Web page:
That is a WHOLE HUGE LOT of DE... I would seriously recommend cutting down to one tenth of it, if *that*. At least don't add more!! And I think once you are using it you will quickly decide to switch to either all straw or all shavings (shavings being easier to maintain and more useful for birds to snuggle down into in the cold, esp. where you don't have room for a really deep depth of it) because the mixture is kind of a pointless complication and will be harder to clean out than just one or the other.

    It looks (although I could be wrong) like there are gaps in the insulation under your roof. You will seriously want to patch those, or you will have condensation/frost/humdity problems in the coop. If you want light to be still coming through -- although I don't know whether that's really gonna work too well for you in the long run, you've *got* the clear roof so I figure there's probably a reason <g> -- then I would suggest using several, like 2-4, thicknesses of bubblewrap, all the way across the whole "ceiling". Ideally underneath the insulation panels but you may need to put the bubblewrap on top instead (if space allows) to prevent sagging and pecking. The bubblewrap needs to be 100% continuous and reasonably well sealed at the edges, because it needs to act as a vapor barrier.

    I presume you have some plans for keeping the water from freezing in the winter, or are going to bring them fresh (liquid) water a coupla times a day as required?

    Think about where you could fit an indoor feeder into some corner of the coop, even if you have to use a wall-mount rabbit feeder or homemake something. If you leave your feed out in the 'run' part of the tractor over winter, a) it will get damp and freeze solid, and b) you will attract every mouse within a quarter mile and have a mouse population explosion.

    The suggestion in an above post about making a 'skirt' to discourage things from digging into the tractor is a good one -- since it will be parked for most/all of the winter, you don't even necessarily need to do anything real fancy, you could even just *lay* the edge of the tractor frame onto the mesh and peg its free edges down. Yes, eventually the ground will freeze hard enough to be digproof all by itself, but that will not be for a while.

    You will most likely want to put some dead leaves or straw or something into the run portion, once the ground is cold and frozen, so the hens are not barefoot on frozen bare ground. This may need to be added to as it gets yucky, and possibly even removed and replaced with fresh stuff if it gets real nasty in a thaw (although having a roof on your tractor certainly helps).

    It is not clear to me from the pics, how much of the tractor will be covered in plastic? Make sure you leave a good amount open, like maybe half of one side, for ventilation.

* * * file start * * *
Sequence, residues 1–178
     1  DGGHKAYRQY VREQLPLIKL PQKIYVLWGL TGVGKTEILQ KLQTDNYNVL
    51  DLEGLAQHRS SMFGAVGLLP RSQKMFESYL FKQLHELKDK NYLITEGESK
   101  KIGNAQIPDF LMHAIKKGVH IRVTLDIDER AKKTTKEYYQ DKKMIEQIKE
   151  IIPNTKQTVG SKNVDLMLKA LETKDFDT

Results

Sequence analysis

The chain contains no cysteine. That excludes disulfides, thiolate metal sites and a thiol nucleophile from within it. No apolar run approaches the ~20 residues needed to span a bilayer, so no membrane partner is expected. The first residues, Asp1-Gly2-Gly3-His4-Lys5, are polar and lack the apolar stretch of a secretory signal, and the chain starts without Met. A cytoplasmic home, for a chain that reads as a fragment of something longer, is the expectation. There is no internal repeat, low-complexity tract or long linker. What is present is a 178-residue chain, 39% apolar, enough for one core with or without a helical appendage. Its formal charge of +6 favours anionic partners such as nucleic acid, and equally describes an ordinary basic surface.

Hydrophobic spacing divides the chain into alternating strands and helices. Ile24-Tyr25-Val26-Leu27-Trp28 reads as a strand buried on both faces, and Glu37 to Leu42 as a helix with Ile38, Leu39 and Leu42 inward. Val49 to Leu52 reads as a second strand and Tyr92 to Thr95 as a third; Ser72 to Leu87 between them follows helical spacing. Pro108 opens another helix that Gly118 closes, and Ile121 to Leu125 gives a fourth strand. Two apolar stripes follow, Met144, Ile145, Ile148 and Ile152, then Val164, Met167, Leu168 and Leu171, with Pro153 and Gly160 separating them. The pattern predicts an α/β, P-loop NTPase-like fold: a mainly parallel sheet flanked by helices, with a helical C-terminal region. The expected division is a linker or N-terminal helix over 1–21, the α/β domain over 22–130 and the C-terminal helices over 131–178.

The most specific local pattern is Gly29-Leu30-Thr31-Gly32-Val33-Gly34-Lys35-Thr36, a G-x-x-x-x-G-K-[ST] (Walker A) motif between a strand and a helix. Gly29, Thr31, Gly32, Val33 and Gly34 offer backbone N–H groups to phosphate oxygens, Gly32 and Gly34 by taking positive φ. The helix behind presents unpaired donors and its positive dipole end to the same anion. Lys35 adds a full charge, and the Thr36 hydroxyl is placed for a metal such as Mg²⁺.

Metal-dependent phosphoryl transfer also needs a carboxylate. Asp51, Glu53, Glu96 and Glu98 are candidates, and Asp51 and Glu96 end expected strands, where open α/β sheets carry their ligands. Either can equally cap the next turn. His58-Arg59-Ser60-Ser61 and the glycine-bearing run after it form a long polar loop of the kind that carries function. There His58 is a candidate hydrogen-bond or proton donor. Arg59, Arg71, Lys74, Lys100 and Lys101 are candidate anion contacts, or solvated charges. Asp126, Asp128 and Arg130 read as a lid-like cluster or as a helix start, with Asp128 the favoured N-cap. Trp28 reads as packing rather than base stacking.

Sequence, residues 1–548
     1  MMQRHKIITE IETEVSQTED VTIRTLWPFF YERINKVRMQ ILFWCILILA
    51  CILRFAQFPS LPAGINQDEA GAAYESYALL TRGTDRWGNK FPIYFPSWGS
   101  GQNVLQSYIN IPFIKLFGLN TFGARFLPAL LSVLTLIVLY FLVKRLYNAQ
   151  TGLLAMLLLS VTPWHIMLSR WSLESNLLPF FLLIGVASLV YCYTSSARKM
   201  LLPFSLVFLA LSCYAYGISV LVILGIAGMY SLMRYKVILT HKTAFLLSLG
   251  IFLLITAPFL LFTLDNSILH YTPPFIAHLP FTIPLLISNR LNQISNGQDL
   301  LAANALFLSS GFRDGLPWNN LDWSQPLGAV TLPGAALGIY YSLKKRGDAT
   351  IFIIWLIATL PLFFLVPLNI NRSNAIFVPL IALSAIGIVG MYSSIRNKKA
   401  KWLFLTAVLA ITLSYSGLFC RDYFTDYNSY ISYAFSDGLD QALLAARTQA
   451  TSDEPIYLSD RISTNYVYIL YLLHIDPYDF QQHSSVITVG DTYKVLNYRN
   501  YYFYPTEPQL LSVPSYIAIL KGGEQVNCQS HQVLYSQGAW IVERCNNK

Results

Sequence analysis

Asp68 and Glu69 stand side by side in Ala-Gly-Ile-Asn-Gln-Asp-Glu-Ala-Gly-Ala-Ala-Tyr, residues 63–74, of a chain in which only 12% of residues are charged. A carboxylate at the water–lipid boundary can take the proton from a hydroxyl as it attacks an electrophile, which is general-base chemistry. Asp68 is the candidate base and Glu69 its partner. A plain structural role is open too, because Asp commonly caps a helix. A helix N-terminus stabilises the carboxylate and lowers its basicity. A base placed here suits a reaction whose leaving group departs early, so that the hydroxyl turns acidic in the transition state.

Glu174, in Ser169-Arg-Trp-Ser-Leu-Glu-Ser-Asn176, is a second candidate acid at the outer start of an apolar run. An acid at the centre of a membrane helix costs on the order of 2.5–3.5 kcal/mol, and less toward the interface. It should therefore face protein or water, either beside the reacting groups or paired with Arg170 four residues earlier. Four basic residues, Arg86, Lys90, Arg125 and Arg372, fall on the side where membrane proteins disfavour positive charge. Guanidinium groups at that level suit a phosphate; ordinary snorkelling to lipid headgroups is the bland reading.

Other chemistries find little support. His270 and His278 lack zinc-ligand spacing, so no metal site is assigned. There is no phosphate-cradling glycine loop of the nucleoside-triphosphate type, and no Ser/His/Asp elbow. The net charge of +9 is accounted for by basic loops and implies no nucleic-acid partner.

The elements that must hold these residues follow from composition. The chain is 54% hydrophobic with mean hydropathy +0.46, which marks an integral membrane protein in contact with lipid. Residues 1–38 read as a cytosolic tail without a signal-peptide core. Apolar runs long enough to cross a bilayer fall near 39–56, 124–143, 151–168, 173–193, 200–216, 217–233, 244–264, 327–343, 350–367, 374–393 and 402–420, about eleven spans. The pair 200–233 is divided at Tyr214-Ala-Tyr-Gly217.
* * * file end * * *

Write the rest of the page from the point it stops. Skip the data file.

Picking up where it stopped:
Good luck, have fun,

    Pat
     
  9. justcelia

    justcelia Chillin' With My Peeps

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    Oct 24, 2010
    SE Michigan
    Thank you all so very much!
    I will add the skirt to keep preditors out and cut down on the DE.
    I will also figure out a way to close in the top better.
    The plastic wrap covers all of the tractor except the front (41/2 X 6' and includes the coop part).

    The lady I got the girls from say their sisters don't roost, they prefer to "cuddle" on the floor. (there is 1 1/2' above the roost).
    The water I will change daily. The tractor will be right outside my back door, in an "L" crated by our house and garage. They are further away for now, we are supposed to have about a week of "decent" weather. (fingers crossed)

    I hadn't thought of rats going for the feed. I had a small feeder in the coop area but they just never used it.
    The painting was suspended due to cold. (my cold hands!) I hope to have a warm-ish morning so I can paint and let it dry while the girls are out playing with the dog. (They actually seem to be enjoying each other!)

    How do I know when I have "enough" ventilation? I don't want my girls to get frost bit!

    Thank you again. I am really glad I found BYC!!!
    I also wanted to let ya'll know that all of this tractor, except the roof, was reclaimed/free stuff! (and NOTHING was square! LOL!)

    Celia
    Learnin' a LOT!
     
  10. Judy

    Judy Moderator Staff Member

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    South Georgia
    Good for you for using free stuff. I'm a great believer in general scrounging.

    Patandchickens has a good writeup on ventilation which I will link for you. I can't answer your question about whether you have enough -- but hopefully you will be able to judge well for yourself, between her post here and her ventilation page: https://www.backyardchickens.com/web/viewblog.php?id=1642-VENTILATION
     
    Last edited by a moderator: Nov 7, 2010